Perceived Economic Opportunity Index picks up in March

Tuesday, 22 April 2014 00:01 -     - {{hitsCtrl.values.hits}}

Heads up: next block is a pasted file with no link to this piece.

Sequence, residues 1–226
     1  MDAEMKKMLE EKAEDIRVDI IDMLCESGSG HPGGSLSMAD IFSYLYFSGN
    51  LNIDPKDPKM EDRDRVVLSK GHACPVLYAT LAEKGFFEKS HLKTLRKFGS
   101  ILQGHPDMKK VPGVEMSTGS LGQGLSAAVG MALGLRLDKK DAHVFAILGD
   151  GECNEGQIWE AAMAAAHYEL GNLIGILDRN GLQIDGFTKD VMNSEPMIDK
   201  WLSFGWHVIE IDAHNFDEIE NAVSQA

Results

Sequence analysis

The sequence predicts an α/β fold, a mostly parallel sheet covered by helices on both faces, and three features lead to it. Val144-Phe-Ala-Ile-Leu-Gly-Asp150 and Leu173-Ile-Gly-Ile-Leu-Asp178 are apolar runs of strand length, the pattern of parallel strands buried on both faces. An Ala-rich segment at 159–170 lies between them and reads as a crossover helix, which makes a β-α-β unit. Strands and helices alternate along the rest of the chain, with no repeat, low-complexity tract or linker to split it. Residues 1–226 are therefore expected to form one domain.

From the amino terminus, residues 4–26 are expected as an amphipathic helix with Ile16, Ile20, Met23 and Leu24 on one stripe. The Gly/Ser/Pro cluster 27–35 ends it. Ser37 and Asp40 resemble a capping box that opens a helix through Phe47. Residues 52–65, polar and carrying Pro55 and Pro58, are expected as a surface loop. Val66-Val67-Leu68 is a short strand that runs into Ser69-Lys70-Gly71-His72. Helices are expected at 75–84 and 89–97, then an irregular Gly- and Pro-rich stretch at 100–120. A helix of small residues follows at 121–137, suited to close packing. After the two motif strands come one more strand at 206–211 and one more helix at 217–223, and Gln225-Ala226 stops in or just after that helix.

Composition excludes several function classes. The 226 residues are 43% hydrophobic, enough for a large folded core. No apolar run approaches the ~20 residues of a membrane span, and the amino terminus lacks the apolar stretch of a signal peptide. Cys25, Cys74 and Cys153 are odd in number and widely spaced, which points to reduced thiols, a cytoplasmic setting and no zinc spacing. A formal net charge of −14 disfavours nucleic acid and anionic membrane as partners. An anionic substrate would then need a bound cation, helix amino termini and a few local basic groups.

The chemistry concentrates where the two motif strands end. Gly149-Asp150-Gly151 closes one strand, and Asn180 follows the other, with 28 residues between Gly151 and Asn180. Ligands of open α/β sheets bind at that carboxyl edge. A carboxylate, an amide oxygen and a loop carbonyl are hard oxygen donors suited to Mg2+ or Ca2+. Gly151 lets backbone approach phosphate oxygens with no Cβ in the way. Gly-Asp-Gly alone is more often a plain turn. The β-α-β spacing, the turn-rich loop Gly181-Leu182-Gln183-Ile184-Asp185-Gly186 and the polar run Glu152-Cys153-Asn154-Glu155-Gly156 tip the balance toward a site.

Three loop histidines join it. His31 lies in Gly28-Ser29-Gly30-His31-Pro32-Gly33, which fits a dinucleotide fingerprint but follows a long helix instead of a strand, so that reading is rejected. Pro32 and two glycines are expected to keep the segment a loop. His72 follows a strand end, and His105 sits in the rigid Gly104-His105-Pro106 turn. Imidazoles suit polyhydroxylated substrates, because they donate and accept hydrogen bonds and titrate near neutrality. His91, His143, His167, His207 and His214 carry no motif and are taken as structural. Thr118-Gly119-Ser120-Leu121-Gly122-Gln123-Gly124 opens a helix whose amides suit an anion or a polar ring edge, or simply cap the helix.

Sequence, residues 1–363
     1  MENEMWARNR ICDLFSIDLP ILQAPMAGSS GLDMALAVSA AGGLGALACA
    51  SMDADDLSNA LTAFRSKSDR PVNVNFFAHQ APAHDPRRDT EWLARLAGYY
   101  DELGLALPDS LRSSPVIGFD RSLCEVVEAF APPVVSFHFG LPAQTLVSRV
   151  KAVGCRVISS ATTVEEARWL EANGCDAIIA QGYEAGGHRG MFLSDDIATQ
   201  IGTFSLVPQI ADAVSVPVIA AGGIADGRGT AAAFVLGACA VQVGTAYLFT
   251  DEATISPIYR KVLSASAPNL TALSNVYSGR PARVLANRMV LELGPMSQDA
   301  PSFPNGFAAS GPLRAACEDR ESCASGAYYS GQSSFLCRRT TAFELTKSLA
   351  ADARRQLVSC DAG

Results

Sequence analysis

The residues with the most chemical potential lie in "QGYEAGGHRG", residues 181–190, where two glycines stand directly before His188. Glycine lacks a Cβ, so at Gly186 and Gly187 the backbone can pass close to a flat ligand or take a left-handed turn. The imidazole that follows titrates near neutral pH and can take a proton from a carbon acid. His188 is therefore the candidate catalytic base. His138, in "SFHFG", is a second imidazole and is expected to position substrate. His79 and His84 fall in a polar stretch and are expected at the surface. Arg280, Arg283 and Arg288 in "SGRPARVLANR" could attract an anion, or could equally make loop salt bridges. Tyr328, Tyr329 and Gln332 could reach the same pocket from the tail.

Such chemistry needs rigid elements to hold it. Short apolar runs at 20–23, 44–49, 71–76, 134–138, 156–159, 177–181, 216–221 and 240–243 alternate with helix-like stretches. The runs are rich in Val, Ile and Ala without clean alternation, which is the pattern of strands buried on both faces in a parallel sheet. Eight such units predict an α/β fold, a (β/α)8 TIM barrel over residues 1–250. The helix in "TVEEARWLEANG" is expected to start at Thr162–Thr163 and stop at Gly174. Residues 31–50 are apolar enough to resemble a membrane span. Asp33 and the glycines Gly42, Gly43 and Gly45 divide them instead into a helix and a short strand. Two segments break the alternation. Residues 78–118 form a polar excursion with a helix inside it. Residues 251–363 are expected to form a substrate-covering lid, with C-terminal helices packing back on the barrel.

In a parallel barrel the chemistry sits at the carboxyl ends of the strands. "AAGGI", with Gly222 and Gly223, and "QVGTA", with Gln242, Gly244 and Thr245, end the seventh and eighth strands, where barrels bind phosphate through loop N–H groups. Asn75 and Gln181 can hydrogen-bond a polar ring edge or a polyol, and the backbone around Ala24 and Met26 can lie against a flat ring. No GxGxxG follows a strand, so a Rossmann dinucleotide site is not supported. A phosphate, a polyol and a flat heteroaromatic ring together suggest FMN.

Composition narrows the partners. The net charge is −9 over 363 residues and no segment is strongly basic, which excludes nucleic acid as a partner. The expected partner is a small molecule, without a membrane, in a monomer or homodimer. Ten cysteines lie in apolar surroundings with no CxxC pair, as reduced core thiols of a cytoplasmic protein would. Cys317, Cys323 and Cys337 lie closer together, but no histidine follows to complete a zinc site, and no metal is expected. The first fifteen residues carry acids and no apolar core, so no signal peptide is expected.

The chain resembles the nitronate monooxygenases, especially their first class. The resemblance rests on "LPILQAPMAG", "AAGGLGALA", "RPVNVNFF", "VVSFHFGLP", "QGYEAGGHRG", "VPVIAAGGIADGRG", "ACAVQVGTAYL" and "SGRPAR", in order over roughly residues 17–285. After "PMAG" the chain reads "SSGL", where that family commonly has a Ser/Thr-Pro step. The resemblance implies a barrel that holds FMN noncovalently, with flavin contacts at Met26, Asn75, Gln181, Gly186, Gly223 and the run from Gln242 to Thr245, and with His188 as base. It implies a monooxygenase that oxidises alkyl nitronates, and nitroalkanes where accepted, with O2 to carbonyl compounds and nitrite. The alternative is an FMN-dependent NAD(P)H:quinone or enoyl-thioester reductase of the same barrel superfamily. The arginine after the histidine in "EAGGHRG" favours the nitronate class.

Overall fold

The Perceived Economic Opportunity Index (PEOI) for March picked up slightly; from 1.68 to 1.71, its compiler the Foundation for Economic Freedom in Sri Lanka (FEFSL) said. “The good news however, is that the trend line indicates that after hitting its lowest level in the first quarter of last year the PEOI has slowly turned upwards, albeit marginally,” it added. FEFSL said perhaps the non-event of feared imposition of economic sanctions at the UNHRC and the expected victory of the ruling coalition at the provincial council election even with a reduced majority may have helped the index move up. However, the PEOI is still languishing in negative territory since its inception in the third quarter of 2011. We believe this movement of the index reflects the general below par economic activity in the country; particularly in the private sector where credit growth is at a historic low since 2009, but this time with much lower interest rates than then. The fact that the Government has once again fallen way short of meeting its foreign direct investments targets also, perhaps, is a function of these negative sentiments. It will be interesting to see how the PEOI moves with the various new challenges posed by a possible international investigation by the UNHRC as well as possible elections next year. The Perceived Economic Opportunity Index (PEOI) is calculated on a monthly basis using a random sample of 100 persons based on seven questions: one each on income, saving and cost of living; one each on law and order, media freedom and corruption; and one question on opportunities to advance in the respondents job, profession or entrepreneurial activity. The answers can only have three possibilities; the current situation with regard to each issue is worse than it was six months ago, the same or better than six months ago.  A score of 3 is that Sri Lankans are becoming relatively more optimistic about the emerging opportunities while 1 is they are becoming relatively more pessimistic.  A score of 2 indicates no change.  Therefore, the trend is a more important indicator of changing perceptions than the absolute number. The PEOI was developed and is measured by the Foundation for Economic Freedom in Sri Lanka. Fieldwork is carried out by market research agency PepperCube Consultants.